Homeland Security omits "right-wing" threats
Under the George W. Bush administration, the Department of Homeland Security's (DHS) reports omitted threats from "right-wing" domestic extremist groups (such as theAryan Nations and Army of God or anti-abortion activists, while identifying "left-wing" domestic groups such as the Animal Liberation Front (ALF) and the Earth Liberation Front (ELF), as terrorist threats.
President Barack Obama's DHS has recognized right-wing extremists as posing threats to the United States.  A 2009 report expressed concern that right-wing extremists could exploit the poor state of the U.S. economy, anti-immigrant sentiment, and the election of the country's first black president to recruit new members to their cause. However, some criticized the DHS for pushing out the report without resolving problems raised by the agency’s civil rights division about the report's definition of right-wing extremism. While this led some to accuse the Obama administration of anti-conservative bias, the 2009 DHS report also identified threats from left-wing extremists.
Right-Wing Bias in 2005 DHS Report
In 2005, Congressional Quarterly obtained a sensitive Homeland Security report designed to focus DHS spending on the most serious threats, and found that it focused on "possible terror threats from radical environmental and animal rights activists" but omits threats posed by right-wing extremists." 
The report stated that between 2005 and 2011 DHS expen "expects to contend primarily with adversaries such as al Qaeda," but also lists "left-wing domestic groups, such as the Animal Liberation Front (ALF) and the Earth Liberation Front (ELF), as terrorist threats." However, it "does not mention domestic extremist groups" or white supremacist groups like Aryan Nations and Army of God or anti-abortion activists, "which have previously been identified by federal officials as threats" and "which have staged numerous terrorist attacks that have killed scores of Americans." 
Experts on domestic terrorism were "surprised the department did not include right-wing groups on their list of adversaries. ... James O. Ellis III, a senior terror researcher for the National Memorial Institute for the Prevention of Terrorism (MIPT), said ... that whereas left-wing groups, which have been more active recently, have focused mainly on the destruction of property, right-wing groups have a much deadlier and more violent record and should be on the list. 'The nature of the history of terrorism is that you will see acts in the name of [right-wing] causes in the future.'"
"This [was] the first time the two-year-old department has prepared what will now be an annual Integrated Planning Guidance Report, a document that is listed as 'sensitive' but not classified, meaning it is not intended to be released publicly," wrote the New York Times's Eric Lipton. "The goal, said Brian Roehrkasse, a department spokesman, is to focus the department's $40 billion in annual spending toward the most serious threats." 
"The DHS document, entitled 'Integrated Planning Guidance, Fiscal Years 2005-2011,' is dated January 2005. . . Its pages are marked 'Sensitive â?? Do Not Distribute Outside the Department of Homeland Security â?? Draft.' Each paragraph in the document is marked '(U/FOUO),' which typically indicates it has been reviewed by a government censor and determined to be unclassified, but 'for official use only.'"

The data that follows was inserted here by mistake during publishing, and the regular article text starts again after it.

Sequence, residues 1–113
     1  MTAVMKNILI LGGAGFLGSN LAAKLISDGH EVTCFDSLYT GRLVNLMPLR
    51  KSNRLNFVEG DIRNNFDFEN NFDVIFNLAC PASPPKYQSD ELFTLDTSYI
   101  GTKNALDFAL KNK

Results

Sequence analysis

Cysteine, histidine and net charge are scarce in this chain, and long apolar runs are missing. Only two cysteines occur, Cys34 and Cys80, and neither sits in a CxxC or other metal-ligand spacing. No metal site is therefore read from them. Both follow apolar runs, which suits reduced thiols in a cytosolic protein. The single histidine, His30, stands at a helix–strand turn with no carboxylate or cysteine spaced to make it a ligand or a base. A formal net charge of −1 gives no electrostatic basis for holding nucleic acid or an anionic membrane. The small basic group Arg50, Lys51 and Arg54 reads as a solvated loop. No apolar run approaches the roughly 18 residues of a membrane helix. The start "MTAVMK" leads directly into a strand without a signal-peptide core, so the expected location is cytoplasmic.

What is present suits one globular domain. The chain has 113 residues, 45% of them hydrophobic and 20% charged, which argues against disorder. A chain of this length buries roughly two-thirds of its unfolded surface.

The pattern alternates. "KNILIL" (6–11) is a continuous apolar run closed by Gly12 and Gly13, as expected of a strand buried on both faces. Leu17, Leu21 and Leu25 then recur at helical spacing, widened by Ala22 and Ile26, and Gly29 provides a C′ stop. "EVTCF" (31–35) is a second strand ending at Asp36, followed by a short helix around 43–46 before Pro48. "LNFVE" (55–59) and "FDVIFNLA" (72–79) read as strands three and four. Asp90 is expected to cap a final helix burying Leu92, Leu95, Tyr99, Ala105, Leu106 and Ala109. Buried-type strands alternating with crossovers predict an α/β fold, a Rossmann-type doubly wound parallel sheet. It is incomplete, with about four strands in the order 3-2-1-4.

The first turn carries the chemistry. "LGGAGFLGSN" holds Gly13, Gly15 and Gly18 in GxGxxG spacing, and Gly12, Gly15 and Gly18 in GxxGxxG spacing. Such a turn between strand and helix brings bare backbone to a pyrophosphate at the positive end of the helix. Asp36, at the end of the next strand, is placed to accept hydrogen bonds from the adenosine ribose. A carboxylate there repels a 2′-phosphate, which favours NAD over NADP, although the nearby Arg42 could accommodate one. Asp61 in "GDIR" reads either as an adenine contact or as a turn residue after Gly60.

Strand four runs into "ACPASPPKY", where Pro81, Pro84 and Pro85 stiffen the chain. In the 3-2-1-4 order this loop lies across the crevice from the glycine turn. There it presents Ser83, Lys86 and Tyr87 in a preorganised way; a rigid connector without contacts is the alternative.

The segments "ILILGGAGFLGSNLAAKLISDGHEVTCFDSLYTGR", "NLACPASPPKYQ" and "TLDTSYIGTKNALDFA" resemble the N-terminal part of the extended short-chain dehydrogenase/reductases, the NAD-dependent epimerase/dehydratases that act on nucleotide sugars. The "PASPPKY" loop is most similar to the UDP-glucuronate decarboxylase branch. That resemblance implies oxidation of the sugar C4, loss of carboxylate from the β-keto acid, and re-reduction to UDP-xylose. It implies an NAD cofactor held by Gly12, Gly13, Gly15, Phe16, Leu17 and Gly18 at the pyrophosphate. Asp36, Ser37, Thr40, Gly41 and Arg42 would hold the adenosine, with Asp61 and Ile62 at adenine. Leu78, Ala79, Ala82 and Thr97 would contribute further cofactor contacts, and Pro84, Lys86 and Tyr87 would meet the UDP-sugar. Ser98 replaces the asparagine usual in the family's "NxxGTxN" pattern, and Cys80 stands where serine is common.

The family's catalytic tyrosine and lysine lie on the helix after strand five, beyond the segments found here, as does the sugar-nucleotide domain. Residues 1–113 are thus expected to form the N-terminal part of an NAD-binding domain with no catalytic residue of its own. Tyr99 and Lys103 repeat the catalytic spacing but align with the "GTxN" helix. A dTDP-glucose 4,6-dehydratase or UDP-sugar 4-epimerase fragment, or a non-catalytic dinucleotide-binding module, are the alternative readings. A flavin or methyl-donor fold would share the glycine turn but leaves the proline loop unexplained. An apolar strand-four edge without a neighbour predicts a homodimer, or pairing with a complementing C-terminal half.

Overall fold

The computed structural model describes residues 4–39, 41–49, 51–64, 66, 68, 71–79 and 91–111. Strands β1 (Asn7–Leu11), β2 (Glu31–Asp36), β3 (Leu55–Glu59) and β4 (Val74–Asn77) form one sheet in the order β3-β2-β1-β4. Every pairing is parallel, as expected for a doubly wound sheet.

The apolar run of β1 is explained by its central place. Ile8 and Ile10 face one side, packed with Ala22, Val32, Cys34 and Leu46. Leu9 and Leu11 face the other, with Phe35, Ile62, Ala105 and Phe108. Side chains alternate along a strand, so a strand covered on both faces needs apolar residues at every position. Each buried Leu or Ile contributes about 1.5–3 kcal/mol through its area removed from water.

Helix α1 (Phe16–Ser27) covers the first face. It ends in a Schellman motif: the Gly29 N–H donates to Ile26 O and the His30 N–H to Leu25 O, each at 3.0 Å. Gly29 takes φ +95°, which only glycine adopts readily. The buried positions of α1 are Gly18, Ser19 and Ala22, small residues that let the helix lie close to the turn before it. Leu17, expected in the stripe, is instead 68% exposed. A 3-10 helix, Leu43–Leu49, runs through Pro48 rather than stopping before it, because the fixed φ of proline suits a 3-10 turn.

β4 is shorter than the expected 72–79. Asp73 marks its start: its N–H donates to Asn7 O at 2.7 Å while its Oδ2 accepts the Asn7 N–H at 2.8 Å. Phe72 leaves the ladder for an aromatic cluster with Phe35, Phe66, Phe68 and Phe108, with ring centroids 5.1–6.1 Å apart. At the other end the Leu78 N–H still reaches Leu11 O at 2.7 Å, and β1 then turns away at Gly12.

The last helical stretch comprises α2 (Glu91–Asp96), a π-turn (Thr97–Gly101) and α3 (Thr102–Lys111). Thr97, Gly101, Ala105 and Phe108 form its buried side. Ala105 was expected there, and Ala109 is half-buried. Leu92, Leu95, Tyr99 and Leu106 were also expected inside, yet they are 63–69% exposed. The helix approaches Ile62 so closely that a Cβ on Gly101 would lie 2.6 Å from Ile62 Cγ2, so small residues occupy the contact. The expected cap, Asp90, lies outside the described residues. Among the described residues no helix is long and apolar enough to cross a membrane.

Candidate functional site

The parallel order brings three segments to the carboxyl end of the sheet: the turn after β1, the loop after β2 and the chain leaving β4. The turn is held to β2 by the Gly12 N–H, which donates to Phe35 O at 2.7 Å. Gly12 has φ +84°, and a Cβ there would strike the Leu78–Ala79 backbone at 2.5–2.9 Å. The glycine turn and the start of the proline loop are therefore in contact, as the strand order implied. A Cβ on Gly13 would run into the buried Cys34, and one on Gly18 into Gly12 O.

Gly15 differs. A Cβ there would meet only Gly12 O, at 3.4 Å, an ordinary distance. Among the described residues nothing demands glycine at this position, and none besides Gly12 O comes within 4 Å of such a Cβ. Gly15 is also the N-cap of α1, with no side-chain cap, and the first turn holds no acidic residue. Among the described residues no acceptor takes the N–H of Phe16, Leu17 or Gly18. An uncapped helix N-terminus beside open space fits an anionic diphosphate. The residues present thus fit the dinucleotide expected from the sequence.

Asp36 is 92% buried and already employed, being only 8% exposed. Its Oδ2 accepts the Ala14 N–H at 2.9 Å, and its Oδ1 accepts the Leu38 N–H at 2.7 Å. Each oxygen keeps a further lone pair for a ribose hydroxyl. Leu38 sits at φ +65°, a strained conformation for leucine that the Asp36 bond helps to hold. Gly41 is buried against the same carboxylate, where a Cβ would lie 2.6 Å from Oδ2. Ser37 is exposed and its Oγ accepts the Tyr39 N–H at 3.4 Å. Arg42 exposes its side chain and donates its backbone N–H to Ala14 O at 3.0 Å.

- "Right-wing terrorism" in the Wikipedia.
- Paul Sperry, "'Right-wing groups' bigger threat. Clinton FBI chief's counterterror focus to be probed at 9-11 hearing," WorldNetDaily, October 7, 2002: On February 4, 1999, former FBI Director Louis J. Freeh "told Congress that domestic 'right-wing groups' posed 'a very real threat' to national security." Read Freeh's Congressional Testimony.
- Doug Thompson, "Welcome to the American Gestapo," Capitol Hill Blue, November 20, 2002.
- "Our Unnecessary Insecurity," New York Times, February 20, 2005.
- Justin Rood, "Animal Rights Groups and Ecology Militants Make DHS Terrorist List, Right-Wing Vigilantes Omitted," CQ.com, March 25, 2005.
- Eric Lipton, "Homeland Report Says Threat From Terror-List Nations Is Declining,", New York Times, March 31, 2005.
- David Sirota, "A Brief History of Right-Wing Threats," davidsirota.com, April 1, 2005: "It's all part of the conservative movement's belief that physically threatening and intimidating its political opposition is OK. I'd wager to guess most Americans disagree."
- Bill Berkowitz, "Homegrown terrorists and homeland security. Ten years after Oklahoma City, why doesn't the Department of Homeland Security see America's homegrown right-wing terrorists as a major threat?," Working for Change, April 18, 2005.
- Lara Jakes Jordan, "Democrats: HSD Omits Right-Wing Threats," AP, April 20, 2005.
- ↑ "Statement by U.S. Department of Homeland Security Secretary Janet Napolitano on the Threat of Right-Wing Extremism", DHS Press Release dated April 15, 2009, accessed September 8 2010.
- ↑ See, e.g. "Homeland Security Report Warns Of Rising Right-Wing Extremism", Huffington Post/AP, April 14, 2009, accessed September 8, 2010.
- ↑ DHS ignored civil-liberties lawyers’ warnings on report, HotAir.Com, April 17, 2009, accessed September 8, 2010.
- ↑ Obtained: Federal Agency’s Memo Warning Of “Left Wing Extremists”, WhoRunsGov.Com "Plumline" blog, April 15, 2009, accessed September 8, 2010.
- ↑ 5.0 5.1 5.2 "Homeland Report Says Threat From Terror-List Nations Is Declining" New York Times, March 31, 2005.
- ↑ 6.0 6.1 6.2 Animal Rights Groups and Ecology Militants Make DHS Terrorist List, Right-Wing Vigilantes Omitted, Congressional Quarterly, March 25, 2005.